Purchase this article with an account.
T. A. Braun, A. P. DeLuca, N. Anand, K. Taylor, J. Bogaard, B. Faga, T. E. Scheetz, T. L. Casavant, V. C. Sheffield, E. M. Stone; Automated Sequence Analysis Pipeline (ASAP) for Genetic Testing. Invest. Ophthalmol. Vis. Sci. 2009;50(13):4133.
Download citation file:
© ARVO (1962-2015); The Authors (2016-present)
To perform accurate, low-cost genetic testing for inherited eye diseases utilizing modular software, commodity SNP detection software, bioinformatics, and heterogeneous molecular assays.
The Automated Sequence Analysis Pipeline (ASAP) is a collection of Java applications, web-based interfaces, bioinformatic annotation software, SNP detection software (PolyPhred), and a relational database.
We have designed and implemented ASAP to support genetic testing for inherited eye diseases. Currently, the Carver Non-profit Genetic Testing Laboratory (CNGTL) offers genetic tests for 17 disorders. ASAP consists of software to support: on-line genetic test requests, the workflow within the molecular lab, the assessment of quality of ABI sequencing, performing mutation detection with PolyPhred, annotating mutations based on the Human Genome Variation Society standard, and providing web-based tracking for electronic feedback to both patients and clinicians. To date, we have used ASAP to process 63,314 sequences from patients for genetic testing and identified 5,373 variations. The design is modular to facilitate integration within a laboratory information management system and to support additional genetic testing assays including SNPlex and next-generation sequencing.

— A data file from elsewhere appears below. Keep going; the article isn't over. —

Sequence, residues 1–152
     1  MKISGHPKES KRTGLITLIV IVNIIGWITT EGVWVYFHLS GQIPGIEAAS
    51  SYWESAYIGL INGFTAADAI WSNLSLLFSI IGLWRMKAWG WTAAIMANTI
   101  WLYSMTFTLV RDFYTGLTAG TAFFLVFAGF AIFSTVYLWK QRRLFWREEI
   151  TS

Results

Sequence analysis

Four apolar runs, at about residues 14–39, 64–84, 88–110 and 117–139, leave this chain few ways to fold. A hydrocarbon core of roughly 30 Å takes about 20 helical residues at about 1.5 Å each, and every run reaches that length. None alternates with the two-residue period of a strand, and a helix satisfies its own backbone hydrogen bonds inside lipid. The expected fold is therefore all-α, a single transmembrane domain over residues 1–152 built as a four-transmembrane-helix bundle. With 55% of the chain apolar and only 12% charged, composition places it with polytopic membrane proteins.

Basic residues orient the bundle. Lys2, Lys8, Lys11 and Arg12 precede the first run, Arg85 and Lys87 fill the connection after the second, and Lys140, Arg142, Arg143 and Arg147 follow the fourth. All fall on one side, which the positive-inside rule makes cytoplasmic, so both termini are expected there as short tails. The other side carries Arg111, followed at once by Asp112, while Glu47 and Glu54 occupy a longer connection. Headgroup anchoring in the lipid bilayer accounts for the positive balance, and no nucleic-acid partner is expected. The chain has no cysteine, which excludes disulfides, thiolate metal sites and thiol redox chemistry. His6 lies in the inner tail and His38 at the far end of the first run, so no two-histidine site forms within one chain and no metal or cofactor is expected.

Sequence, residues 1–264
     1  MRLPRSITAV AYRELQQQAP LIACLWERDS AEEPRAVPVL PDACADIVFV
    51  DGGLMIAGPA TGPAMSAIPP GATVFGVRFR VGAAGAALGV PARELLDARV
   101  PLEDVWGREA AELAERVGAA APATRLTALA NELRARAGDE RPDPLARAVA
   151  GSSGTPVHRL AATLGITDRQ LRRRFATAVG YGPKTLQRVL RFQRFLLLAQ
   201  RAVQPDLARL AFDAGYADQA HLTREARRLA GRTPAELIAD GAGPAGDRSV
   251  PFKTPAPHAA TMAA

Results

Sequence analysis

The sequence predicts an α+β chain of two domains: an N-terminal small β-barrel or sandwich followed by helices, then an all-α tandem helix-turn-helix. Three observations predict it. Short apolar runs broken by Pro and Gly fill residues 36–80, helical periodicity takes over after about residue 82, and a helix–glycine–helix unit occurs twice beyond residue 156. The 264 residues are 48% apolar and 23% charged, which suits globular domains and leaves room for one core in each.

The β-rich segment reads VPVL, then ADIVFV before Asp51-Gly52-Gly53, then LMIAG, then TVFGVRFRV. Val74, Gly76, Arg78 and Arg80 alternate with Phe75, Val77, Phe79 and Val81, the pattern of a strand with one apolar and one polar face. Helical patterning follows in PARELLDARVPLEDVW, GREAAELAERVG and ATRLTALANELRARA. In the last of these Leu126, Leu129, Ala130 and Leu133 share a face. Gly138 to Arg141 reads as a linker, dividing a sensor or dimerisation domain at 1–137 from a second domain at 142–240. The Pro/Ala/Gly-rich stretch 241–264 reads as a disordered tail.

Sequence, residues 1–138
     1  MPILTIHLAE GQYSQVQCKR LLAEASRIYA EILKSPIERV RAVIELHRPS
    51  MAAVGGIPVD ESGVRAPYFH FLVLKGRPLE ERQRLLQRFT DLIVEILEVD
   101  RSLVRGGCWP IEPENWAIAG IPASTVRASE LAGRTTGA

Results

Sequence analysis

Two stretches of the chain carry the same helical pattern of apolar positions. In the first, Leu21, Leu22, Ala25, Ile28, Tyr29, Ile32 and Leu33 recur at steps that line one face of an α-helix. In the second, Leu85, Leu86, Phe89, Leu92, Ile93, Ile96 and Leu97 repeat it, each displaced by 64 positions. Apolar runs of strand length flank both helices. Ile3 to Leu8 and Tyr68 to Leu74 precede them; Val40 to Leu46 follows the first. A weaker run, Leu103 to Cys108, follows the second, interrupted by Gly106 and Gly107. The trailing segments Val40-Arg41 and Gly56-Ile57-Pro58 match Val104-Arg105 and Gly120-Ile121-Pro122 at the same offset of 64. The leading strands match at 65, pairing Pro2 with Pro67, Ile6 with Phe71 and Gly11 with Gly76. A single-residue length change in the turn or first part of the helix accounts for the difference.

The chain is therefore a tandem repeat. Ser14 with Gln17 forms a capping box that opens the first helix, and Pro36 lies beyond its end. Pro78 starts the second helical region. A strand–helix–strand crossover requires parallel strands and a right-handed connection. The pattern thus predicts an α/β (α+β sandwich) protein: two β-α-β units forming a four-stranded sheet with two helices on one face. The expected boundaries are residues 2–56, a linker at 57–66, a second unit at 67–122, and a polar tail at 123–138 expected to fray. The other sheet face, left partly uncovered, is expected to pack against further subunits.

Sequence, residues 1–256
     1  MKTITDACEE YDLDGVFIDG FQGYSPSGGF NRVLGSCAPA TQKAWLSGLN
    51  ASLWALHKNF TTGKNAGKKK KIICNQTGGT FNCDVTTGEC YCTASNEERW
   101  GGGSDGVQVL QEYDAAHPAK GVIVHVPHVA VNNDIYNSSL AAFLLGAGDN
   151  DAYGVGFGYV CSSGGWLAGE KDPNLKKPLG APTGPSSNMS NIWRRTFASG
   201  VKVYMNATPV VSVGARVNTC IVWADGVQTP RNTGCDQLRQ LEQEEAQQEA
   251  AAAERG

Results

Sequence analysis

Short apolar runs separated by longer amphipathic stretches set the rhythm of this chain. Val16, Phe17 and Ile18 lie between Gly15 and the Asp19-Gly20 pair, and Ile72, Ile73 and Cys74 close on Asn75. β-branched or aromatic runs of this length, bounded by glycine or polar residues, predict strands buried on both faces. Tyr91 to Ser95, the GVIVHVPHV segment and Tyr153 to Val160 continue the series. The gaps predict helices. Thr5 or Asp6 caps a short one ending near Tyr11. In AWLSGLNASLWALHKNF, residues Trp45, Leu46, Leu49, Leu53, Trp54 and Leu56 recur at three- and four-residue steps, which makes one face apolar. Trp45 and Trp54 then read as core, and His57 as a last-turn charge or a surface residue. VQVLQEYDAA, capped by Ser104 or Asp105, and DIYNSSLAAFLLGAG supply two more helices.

In response to the growing volume of genetic testing in the CNGTL we developed ASAP to augment the manual DNA sequence reading to improve workflow, laboratory information management, and add software-based mutation identification in addition to human sequence reading. ASAP detects mutations with existing bioinformatic software. The result is a significant increase in our capacity to perform genetic testing with a decrease in cost and no loss of accuracy. Additionally patients will receive more timely on-line status updates regarding their tests and observed allelic variation frequencies will be made more widely available to the scientific community.
This PDF is available to Subscribers Only